Submitted by lee • November 5, 2002
Is it wrong to say, “The life of the people”? Or, do you have to say, “The lives of the people”? When you use “of” in this context do the numbers (pluralization) have to match between the first noun and the last noun?
March 18, 2003, 1:07am
"The life of the people" is the collective social life of the people, as in "The life of the Hopi is still largely communal," or "The life of the medieval peasant was a hard one." If you turn it around and say "medieval peasants had hard lives," it pretty much means the same thing.
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November 7, 2002, 1:30pm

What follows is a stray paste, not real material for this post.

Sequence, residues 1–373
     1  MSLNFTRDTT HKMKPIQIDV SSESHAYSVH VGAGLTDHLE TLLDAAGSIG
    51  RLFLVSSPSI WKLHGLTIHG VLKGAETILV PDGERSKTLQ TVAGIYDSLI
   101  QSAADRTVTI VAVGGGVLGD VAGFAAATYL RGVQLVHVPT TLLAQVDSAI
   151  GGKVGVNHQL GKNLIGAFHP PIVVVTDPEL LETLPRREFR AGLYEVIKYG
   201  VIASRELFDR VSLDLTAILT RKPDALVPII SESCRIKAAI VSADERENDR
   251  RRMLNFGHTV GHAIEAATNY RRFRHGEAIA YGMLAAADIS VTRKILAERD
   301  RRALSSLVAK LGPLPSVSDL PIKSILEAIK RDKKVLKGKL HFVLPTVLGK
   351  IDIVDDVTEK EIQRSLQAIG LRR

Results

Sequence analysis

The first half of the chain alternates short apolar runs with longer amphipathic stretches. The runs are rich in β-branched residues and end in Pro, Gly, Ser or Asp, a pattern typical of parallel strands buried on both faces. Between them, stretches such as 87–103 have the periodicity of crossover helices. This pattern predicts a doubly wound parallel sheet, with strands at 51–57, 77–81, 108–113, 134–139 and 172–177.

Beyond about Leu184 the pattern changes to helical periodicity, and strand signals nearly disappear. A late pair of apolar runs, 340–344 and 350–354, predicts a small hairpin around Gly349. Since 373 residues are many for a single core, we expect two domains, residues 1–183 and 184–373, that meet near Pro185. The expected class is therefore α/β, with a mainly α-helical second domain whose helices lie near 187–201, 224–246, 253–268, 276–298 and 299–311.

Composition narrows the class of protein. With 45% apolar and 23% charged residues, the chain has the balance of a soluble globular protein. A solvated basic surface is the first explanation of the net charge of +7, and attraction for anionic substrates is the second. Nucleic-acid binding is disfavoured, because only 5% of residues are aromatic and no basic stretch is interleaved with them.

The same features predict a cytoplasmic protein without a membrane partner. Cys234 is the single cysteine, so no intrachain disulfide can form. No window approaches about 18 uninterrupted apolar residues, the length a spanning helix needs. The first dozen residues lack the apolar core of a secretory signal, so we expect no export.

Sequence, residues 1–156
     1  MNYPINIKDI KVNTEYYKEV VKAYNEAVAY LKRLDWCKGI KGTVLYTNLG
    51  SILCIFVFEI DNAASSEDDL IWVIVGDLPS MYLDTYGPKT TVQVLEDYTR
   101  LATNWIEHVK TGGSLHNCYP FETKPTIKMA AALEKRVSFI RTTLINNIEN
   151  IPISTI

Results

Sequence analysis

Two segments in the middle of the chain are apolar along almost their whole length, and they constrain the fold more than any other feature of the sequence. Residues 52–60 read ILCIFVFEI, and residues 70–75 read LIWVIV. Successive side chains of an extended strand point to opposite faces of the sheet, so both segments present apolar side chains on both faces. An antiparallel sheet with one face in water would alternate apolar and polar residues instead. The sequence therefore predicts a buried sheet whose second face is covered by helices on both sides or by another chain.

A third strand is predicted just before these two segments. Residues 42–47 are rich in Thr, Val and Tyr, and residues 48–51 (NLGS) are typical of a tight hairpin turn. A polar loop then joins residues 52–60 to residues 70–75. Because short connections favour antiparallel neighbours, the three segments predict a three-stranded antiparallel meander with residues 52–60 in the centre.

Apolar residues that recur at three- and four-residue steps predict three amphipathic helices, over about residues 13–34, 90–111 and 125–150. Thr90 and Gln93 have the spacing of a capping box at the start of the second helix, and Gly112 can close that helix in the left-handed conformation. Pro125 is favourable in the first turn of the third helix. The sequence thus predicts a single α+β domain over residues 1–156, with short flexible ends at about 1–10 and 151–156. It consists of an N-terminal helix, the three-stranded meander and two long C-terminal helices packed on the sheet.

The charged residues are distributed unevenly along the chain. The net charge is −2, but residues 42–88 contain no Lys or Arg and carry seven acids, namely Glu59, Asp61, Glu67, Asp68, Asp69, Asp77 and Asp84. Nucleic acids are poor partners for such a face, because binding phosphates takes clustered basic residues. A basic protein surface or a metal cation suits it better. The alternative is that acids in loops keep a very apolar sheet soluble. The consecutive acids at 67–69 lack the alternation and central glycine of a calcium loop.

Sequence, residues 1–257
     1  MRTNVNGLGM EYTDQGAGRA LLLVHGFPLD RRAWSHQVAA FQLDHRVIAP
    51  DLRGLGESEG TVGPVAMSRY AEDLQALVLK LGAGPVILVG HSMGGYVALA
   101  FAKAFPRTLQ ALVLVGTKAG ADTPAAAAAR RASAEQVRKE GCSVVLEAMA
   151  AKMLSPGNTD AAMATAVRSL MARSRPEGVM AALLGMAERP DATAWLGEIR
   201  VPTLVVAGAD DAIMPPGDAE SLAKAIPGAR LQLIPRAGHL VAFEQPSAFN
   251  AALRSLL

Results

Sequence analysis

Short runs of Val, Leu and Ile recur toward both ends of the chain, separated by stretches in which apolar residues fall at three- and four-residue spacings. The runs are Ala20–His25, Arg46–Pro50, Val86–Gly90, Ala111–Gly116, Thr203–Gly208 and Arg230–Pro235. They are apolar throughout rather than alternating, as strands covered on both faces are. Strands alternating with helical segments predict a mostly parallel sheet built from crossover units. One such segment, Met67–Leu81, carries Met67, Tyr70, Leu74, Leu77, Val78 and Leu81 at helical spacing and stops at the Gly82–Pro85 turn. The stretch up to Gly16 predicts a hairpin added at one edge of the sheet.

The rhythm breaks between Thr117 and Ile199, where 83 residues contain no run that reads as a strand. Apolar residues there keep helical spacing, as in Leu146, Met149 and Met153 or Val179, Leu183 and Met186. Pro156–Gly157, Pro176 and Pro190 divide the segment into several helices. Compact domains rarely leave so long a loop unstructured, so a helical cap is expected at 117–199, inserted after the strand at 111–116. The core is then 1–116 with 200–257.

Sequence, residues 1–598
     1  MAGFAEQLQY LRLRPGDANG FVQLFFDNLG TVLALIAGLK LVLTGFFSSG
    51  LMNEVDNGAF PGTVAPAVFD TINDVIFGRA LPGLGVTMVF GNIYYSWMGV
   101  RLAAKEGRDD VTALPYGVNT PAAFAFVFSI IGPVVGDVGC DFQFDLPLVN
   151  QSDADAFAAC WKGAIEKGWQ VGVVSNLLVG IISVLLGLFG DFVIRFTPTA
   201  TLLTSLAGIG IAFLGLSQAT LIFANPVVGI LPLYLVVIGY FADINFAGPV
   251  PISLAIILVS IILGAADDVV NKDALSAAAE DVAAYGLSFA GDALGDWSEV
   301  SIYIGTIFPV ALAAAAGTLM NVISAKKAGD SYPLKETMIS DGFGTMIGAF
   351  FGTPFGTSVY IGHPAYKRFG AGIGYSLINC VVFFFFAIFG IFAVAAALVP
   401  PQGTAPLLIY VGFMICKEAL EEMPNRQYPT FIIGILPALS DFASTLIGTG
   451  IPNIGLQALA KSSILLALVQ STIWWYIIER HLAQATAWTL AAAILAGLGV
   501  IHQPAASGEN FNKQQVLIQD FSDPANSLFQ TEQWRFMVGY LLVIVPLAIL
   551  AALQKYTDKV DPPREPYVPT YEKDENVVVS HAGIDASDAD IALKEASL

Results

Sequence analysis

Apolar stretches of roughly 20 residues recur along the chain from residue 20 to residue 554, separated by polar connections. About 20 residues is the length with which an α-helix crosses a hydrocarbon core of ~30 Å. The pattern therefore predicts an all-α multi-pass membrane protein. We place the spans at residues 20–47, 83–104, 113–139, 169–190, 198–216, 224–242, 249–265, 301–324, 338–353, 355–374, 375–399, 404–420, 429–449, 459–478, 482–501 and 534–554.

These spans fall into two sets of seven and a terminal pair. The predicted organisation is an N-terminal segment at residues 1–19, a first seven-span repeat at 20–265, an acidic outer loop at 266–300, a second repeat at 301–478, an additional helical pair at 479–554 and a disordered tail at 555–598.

this one is complicated. It depends on whether you are using the plural or the collective sense of either word.
the volkswagon is the car of the people, the people's car.
It would also be correct to say "volkswagons are the cars of the people" but then it loses some of it's punch.
In the case of life or lives of the people, it depends on which way you are using people. Some english words are the same in the plural and singular. deer, for instance, also fish (though fishes is correct, as well).
"the life of the deer" can mean a specific deer or all deer, depending on context. "the lives of the deer" is also correct.
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